All press is good press, or so the saying goes, and both AngelList and LinkedIn have been making headlines this month--but only one for the right reasons.

While AngelList announced that startups raised over $160mm in capital on its platform in 2015, LinkedIn's stock plummeted and erased approximately $10bn in company value after its latest disappointing earnings report.

As the Founder and CEO of Applico, I regularly speak to startups and their leadership about everything from mobile app development to recruiting to fundraising. This month's new got us thinking about which platform mattered more to startups--LinkedIn or AngelList? While LinkedIn is still by far the larger company, the answer might surprise you.

Here are five reasons why AngelList is more important to the startup community than LinkedIn:

1. It's easier to hire and get hired on AngelList

AngelList is the world's largest marketplace for startups jobs. Here are some stats on its marketplace:

  • 250K candidates, 16K companies, 548K matches.
  • Active candidates and jobs doubled in the last year.
  • Hiring companies include Tinder, Medium, Hinge, IFTTT, Meerkat and Yelp.

The talent wars in tech are heated and competitive. There is a constant influx of startups with shiny new rounds of financing poaching talent with higher salaries and equity packages. Startups don't always have the resources to hire full-time HR departments or recruiters to fill their missing talent gaps. AngelList does a better job catering to startups than LinkedIn, as AngelList's job marketplace lets a mutually interested startup and potential employee connect for free. There is no fee for posting an available position or for AngelList introducing the two parties.

Over 50% of LinkedIn's revenue comes from charging recruiters to connect with talent. LinkedIn is more of a directory, while AngelList is focused on job transactions- meeting people who are actually interested in working at your company, which is closer to doing a transaction than cold-calling people on Linkedin. AngelList is about transactions with directory as a side-effect.

Based on our experiences working with startup clients, recruiters aren't the best option for early-stage startups. On AngelList, the connections feel more human because both parties must opt in before an introduction happens. On LinkedIn, an introduction may not be in the best interest of both parties as the intermediaries (recruiters) are primarily interested in securing their fees.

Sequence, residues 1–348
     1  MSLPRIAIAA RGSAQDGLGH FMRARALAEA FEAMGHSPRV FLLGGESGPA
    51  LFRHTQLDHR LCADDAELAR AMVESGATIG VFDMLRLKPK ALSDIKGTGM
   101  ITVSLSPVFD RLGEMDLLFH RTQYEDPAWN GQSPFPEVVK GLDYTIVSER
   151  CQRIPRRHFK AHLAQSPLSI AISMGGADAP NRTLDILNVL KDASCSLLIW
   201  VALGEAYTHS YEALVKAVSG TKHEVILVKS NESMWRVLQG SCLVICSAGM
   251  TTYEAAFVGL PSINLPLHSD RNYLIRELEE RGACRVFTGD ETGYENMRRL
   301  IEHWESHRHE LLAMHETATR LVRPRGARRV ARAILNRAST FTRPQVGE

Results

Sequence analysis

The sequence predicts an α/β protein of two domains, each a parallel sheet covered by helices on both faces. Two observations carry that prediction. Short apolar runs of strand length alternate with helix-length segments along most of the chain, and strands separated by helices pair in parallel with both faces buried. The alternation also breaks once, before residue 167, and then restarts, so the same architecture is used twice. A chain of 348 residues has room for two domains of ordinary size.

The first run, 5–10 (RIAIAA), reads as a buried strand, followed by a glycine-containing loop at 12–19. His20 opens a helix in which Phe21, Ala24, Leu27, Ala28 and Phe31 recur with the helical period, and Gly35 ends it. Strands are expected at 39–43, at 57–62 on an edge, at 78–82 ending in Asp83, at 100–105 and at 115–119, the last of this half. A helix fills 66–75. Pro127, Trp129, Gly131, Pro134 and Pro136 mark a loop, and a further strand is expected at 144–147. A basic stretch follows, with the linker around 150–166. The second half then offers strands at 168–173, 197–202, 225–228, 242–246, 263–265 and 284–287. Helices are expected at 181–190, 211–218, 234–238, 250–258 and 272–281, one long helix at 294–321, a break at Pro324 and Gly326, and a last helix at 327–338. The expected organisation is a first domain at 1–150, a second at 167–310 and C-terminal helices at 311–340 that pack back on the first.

Furthermore, AngelList's user base is more focused around startups. Not all LinkedIn users are interested in tech, which creates a lot of unnecessary noise for startups or talent looking to hire or get hired.

2. Startups can raise money on AngelList

AngelList connects startups with accredited angel investors looking for deal flow. Startups can announce they're using the platform to raise capital. At that point, interested angels can connect with the startup to receive more information and potentially fund them. In fact, AngelList lets you raise actual capital on its platform, not just meet investors.

AngelList even features certain startups that its internal team and a rotating group of VC analysts deem interesting, which can help these companies attract investors to their fundraising efforts.

Startups and investors also benefit from AngelList's syndicate functionality, which allows investors with notoriety to lead a funding round with the participation of smaller, less involved investors.

AngelList's strong network effects benefit investors and startups alike.

3. AngelList democratizes venture capital

Venture capital is a gated community because of time and money; not everyone has the access to the capital and time required to successfully partake in venture capital. AngelList syndicates increases the amount of capital available to startups by enabling syndicate leaders to pool capital from smaller investors. These smaller investors can then partake without the traditional levels of capital and time required on behalf of investors. Syndicates also derisk some of the lead investor's exposure by not requiring them to foot the entire bill.

Syndicates allow smaller backers to invest in deals they wouldn't have access to otherwise, while the syndicate lead does the due diligence on the investment for them in return for a percentage of future profits. As a result, AngelList has helped more startups get funded and opened up startup investing to many people who had never done it before. The platform is bringing in new capital and providing greater access and accountability for small investors.

4. Incubators + AngelList

A lesser-known AngelList feature is its incubator listing. Incubators typically provide early-stage startups with mentorship, guidance and resources to accelerate startups from ideation to product launch to growth and traction. Here is the full list of incubators accepting applications on AngelList.

5. LinkedIn's UX is behind the times

The majority of the tech community is on LinkedIn. As early tech adopters, many of these users grew up professionally on LinkedIn. However, LinkedIn's UX hasn't kept up with the times. What about the LinkedIn platform compels startup-focused users to continually login into besides updating their profile? LinkedIn's core interaction isn't as relevant for the startup community. Of course, talent and startup founders will take an introduction to a job or an investor on LinkedIn, but as we mentioned before, AngelList's features are more compelling for this audience. The AngelList Jobs app is as simple Tinder. Compared to the baroque UX of LinkedIn, AngelList's UX chops are more aligned with the startup audience than the public behemoth, LinkedIn.